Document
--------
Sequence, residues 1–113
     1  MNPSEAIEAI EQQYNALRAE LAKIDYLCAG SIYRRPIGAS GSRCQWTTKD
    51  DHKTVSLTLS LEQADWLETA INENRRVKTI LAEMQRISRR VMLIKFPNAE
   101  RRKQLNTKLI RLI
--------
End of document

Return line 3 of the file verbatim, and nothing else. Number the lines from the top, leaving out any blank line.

    51  DHKTVSLTLS LEQADWLETA INENRRVKTI LAEMQRISRR VMLIKFPNAE